This week Brighton Journal spoke to Jo Hathaway, a local illustrator and landscape painter. Jo’s colourful abstract paintings explore the nostalgia, memory and emotion that places hold for us. Her love of language and poetry continuously inspires her work, as each piece visually transforms poetry, fiction and plays. We discussed Jo’s illustration work for an upcoming children’s theatre show, her involvement in 2020’s Brighton Festival, and how the local area affects her creative output. Take a look at Jo’s vibrant work.
What are you doing today?
I’ve got a couple of things on the go today – I’ve been varnishing two new pictures about Winter seas that are going up at Gallery 92 in Hurstpierpoint this weekend, and I’m finishing off some illustrations for an interactive children’s theatre show called ‘Mouse and Sam’. I divide my time about 70/30 between painting and illustration work.
Describe where you do most of your creative work
I have a small studio (don’t call it a shed!) in the garden which is completely my zone, and has been a fantastic space for me. I work there every day. Until two years ago, I worked on any surface I could find in the house, which meant fighting my children’s lego for space, and constantly either covering everything in paint, or cleaning it up, and shoving all my stuff on shelves or on top of cupboards. My shed, sorry – studio – has changed all of our lives!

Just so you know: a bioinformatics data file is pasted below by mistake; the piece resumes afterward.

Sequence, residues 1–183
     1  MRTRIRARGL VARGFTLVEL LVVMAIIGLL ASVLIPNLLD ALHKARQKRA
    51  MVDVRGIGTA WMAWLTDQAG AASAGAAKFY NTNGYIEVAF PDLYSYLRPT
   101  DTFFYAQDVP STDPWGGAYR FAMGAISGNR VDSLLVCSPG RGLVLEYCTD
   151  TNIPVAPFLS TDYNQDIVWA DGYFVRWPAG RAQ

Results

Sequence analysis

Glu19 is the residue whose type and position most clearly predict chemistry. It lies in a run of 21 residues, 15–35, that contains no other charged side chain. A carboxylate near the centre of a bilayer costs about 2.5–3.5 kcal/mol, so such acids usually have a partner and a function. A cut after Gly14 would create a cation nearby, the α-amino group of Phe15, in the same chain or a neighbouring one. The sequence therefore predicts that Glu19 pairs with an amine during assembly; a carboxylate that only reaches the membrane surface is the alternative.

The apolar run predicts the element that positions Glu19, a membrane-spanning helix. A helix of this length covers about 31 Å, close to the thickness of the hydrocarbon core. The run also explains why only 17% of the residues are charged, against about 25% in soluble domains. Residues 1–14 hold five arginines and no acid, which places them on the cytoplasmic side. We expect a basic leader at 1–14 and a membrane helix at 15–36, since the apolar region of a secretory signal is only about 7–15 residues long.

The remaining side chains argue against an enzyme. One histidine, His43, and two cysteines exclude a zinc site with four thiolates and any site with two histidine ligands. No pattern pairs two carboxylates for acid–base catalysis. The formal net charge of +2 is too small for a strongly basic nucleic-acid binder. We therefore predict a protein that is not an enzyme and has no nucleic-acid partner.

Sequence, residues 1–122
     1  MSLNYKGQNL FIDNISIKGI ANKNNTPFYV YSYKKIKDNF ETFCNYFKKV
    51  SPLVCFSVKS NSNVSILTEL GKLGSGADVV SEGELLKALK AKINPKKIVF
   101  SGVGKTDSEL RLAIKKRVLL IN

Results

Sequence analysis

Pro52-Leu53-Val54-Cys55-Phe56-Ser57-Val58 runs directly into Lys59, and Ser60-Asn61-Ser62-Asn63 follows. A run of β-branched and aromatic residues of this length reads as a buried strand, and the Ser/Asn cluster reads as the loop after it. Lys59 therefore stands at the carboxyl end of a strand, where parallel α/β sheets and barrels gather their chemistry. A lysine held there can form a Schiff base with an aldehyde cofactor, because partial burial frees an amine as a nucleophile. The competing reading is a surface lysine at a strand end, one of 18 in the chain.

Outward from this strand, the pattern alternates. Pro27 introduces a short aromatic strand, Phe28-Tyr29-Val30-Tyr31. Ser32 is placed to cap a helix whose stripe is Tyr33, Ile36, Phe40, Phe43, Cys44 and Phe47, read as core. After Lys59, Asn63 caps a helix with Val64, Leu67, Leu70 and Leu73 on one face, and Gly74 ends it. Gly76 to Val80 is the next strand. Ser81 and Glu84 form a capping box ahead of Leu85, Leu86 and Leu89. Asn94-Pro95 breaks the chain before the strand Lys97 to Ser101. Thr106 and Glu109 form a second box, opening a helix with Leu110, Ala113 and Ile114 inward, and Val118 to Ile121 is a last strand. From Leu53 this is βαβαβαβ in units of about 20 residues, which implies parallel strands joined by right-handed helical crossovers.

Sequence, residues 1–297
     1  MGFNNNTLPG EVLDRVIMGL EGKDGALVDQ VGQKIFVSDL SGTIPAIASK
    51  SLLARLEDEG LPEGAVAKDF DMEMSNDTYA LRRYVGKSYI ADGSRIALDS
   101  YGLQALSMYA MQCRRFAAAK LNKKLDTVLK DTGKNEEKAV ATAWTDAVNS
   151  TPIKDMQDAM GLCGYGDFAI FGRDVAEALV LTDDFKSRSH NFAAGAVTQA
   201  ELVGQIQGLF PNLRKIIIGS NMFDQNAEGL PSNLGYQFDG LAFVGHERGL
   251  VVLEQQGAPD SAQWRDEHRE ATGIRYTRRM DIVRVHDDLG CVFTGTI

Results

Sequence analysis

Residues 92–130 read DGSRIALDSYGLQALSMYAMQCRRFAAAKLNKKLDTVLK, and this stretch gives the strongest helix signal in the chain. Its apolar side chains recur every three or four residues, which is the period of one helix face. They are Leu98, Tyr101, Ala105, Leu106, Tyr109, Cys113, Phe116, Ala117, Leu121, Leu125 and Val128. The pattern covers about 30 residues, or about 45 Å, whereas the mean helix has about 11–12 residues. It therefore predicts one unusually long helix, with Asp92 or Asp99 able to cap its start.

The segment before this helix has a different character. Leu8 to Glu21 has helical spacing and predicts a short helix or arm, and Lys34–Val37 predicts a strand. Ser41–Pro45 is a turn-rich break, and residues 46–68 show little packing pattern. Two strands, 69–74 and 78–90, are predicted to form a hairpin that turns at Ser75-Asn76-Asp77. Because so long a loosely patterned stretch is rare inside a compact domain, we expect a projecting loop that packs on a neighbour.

What’s the most exciting thing you’ve worked on?
That’s a great question. I’ve been lucky to have been able to ‘mix it up’ in my career, doing a variety of different things – from painting a mural in Ghana to educating people about protecting themselves from Malaria to large-scale portraits, to children’s theatre. But honestly, the most exciting thing is the buzz of opening your own exhibition when you’ve been working on a collection of paintings for months behind doors, and you get to see them all framed, strung and hung together, and to share them with others.
Having your paintings in other people’s houses is always exciting and a privilege to think something you have made becomes a meaningful and loved element in someone else’s home.
What made you decide to become an artist?
I think it chose me ultimately. I started out at art college and then went on to study English, and to work as an editor and writer. I’ve been able to run these two creative compulsions in parallel over the years, but now focus almost entirely on painting.
What are you currently working on?
2020 is going to be a busy year for me – I’m just about to start work on a series of paintings for the Brighton Festival (I’ll be showing at 44 Florence Road in Fiveways with Emily Beaumont and others for the first time which I’m really excited about), as well as planning a series of pictures for my own show in Co. Clare called ‘In My Mother’s Place’ later in the summer.
What are the key themes in your work?
My work is concerned with memory and landscape. Famously, Proust talked about a single crumb of a madeleine cake transporting him back to his childhood. I think landscapes – interior and exterior – can have the same power. My work aims to express how we remember, project onto, and interpret places that are meaningful to us, our emotional connection with what the Beatles described ‘In My Life’ as the ‘places I remember’ – that heartbeat, that nostalgia. I hope my work explores the moments that these places hold for us.
Increasingly, my work is concerned with the strangeness of the blending seasons due to climate change, and the unexpected effects that has on landscape – like seeing peonies, a herald of spring, peeping out of a late snow fall.
What would you like people to notice about your work?
I think of myself as an abstract-landscape painter, but all along that abstract spectrum – some paintings are more identifiably what we see, and some more about how we feel.